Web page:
I didn't grow up with animals in the house. Aside from the ducks who nested in our front bushes and the brief period of time where we had an algae-free fish tank – the mess of animals wouldn't have fit into our feces/fur-free home. We weren't "animal people."
Although I begged my parents repeatedly for a cat (ewwww – and I would have been terribly allergic – there go all my cat-lady readers) I didn't have my first pet until I surprised Jahred with a Beagle over nine years ago. Oscar – as we call him – was diagnosed with Stage Four Grouchiness almost immediately.
When we brought Axel home from the hospital the grouch was two. His interaction with our tiny human was purely olfactory. As Axel became a toddler Oscar developed fast-twitch muscles and spent most of his day escaping the grips of an unpredictable monster.
Although Axel immediately took interest in the animal kingdom (and at times we feared we had a Dr. Doolittle on our hands), Oscar skeptically watched from the sidelines, keeping his distance as this child grew, matured and calmed (he may have calmed too much according to his teachers).
Oscar was nearly seven when monster #2 arrived – a beast who like his grandparents showed little tolerance for the 4-legged. At his advanced age, the escapes were slower and the growling increased. Although we love our dog, and he has never (actually) bitten anyone...he is the kind of dog that kids want to pet because he is adorable...and we firmly tell them, "This dog bites." Oscar has little patience for the energy of youth.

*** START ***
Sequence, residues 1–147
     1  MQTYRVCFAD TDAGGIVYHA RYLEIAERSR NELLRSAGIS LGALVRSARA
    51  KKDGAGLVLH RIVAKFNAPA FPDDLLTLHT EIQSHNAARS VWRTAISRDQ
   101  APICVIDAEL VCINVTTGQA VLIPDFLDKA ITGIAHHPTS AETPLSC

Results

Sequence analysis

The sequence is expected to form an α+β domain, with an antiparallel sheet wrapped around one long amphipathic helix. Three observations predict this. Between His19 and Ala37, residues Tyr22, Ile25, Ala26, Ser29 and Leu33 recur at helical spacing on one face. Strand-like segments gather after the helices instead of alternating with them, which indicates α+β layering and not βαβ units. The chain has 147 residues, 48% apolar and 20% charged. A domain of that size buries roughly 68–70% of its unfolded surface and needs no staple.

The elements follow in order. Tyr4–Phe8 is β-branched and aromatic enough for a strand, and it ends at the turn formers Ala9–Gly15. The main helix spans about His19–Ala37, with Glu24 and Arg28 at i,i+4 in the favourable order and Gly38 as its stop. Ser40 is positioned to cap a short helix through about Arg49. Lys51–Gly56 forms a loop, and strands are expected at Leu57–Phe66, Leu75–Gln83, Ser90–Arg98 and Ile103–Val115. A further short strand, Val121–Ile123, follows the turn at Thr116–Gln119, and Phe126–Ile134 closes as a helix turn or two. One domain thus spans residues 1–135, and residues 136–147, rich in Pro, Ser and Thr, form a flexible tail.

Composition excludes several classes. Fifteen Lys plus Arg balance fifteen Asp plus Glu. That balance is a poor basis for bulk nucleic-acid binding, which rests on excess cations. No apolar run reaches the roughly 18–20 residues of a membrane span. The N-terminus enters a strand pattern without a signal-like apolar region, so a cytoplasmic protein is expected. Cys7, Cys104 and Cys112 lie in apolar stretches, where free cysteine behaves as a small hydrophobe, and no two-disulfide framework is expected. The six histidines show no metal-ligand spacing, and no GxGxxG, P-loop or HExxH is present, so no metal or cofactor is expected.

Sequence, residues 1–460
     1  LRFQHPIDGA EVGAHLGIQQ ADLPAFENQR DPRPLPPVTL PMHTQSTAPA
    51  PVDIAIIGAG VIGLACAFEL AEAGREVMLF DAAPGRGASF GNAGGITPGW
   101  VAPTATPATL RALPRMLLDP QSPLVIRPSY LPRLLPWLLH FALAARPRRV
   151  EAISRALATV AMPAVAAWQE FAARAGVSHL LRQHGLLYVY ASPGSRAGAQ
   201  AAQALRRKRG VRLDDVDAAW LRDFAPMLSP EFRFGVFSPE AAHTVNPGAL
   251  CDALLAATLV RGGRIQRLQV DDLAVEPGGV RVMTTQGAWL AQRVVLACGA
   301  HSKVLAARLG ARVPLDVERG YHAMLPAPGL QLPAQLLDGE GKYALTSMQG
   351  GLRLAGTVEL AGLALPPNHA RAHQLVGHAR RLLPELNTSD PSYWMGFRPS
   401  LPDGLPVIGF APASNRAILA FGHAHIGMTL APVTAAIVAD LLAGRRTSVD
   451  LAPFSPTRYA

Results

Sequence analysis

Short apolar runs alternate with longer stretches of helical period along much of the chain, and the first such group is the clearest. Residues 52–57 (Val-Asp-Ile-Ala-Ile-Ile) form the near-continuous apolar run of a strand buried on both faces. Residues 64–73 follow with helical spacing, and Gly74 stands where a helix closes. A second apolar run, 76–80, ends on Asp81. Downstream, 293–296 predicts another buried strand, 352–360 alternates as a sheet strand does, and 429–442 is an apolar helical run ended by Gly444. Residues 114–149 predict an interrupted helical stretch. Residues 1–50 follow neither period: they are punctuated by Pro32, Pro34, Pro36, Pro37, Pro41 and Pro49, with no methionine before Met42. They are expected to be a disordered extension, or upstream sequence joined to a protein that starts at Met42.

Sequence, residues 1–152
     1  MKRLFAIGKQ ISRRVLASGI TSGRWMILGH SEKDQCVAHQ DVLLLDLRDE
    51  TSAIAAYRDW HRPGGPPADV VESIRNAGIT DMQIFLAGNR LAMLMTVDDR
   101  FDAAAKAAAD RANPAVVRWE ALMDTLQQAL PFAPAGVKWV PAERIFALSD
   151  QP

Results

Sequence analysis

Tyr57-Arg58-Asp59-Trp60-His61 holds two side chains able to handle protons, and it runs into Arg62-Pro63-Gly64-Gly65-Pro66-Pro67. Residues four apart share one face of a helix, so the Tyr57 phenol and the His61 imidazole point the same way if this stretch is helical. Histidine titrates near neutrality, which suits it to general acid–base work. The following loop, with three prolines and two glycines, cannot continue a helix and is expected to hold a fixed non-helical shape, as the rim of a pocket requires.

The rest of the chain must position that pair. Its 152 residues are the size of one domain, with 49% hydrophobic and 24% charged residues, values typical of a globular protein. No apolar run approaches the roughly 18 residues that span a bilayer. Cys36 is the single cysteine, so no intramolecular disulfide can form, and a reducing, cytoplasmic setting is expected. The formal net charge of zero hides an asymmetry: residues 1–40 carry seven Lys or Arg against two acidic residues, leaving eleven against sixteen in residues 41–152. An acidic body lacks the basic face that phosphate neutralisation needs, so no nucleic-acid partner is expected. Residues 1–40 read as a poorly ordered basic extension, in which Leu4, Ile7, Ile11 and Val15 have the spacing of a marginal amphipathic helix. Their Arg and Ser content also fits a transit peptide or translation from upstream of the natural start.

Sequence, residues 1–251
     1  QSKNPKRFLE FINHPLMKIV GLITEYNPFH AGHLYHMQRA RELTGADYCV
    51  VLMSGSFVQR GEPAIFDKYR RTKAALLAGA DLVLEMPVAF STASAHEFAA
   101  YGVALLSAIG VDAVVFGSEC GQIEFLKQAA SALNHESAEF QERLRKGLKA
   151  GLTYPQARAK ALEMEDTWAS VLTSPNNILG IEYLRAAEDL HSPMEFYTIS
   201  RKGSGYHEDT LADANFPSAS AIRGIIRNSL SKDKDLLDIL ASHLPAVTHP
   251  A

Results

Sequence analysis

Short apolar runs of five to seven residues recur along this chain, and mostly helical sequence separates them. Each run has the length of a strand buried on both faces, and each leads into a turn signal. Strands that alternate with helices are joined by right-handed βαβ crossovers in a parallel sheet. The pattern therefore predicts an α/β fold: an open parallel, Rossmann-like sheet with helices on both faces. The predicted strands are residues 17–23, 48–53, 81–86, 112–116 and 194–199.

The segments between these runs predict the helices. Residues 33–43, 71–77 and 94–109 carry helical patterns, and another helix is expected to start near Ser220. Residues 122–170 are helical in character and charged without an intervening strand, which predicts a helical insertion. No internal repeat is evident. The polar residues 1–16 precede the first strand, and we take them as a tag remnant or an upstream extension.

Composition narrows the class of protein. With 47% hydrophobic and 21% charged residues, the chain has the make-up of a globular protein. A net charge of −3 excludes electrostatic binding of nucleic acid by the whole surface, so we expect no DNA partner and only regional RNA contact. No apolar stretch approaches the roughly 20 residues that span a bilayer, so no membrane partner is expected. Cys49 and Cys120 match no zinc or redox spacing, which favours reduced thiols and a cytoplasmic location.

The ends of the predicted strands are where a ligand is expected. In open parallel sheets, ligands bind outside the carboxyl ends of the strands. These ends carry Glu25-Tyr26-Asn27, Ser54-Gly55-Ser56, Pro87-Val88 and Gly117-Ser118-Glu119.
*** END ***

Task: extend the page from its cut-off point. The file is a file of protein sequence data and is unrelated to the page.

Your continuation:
Last night I was charging away on the treadmill, the kids plugged were plugged into a movie (volume up to overpower my labored breathing) and Oscar sidled into the room. As Ollie quickly hid his brimming cup of stolen marshmallows (the kid can climb) and started screaming, "No Oscie," Oscar curled onto the ottoman taking refuge from a pair of trusted legs. Axel bent down and stroked his fur slowly – attention never removed from the screen – and I could see as Oscar closed his eyes that his relationship with my near-sever-year-old was one of respect and trust.
I am always looking for signs of aging/maturing in my kids. Milestones never go unmarked or unnoticed. This one for whatever reason struck me as profound. My dog, who has trust issues among other psychological hiccups, now acknowledges Axel as an adult and a shelter from the storm that is childhood. He has graduated from a chaotic hunk of water and carbon to a human who is capable of being a protector to the vulnerability that is a domestic pet. It's important.
Not having grown up with animals I see my first pet in a unique light. I see his purpose as a teacher, a listener and as a friend. While I'm not ready to hand Axel the keys to my car or let him use the stove, I am happy for this recent "graduation" of sorts and that he is the kind of person trusted by an old grouch like Oscar.
Because I never posted a birthday portrait in 2014, here he was on December 12th – the day he turned 9 (in people years).
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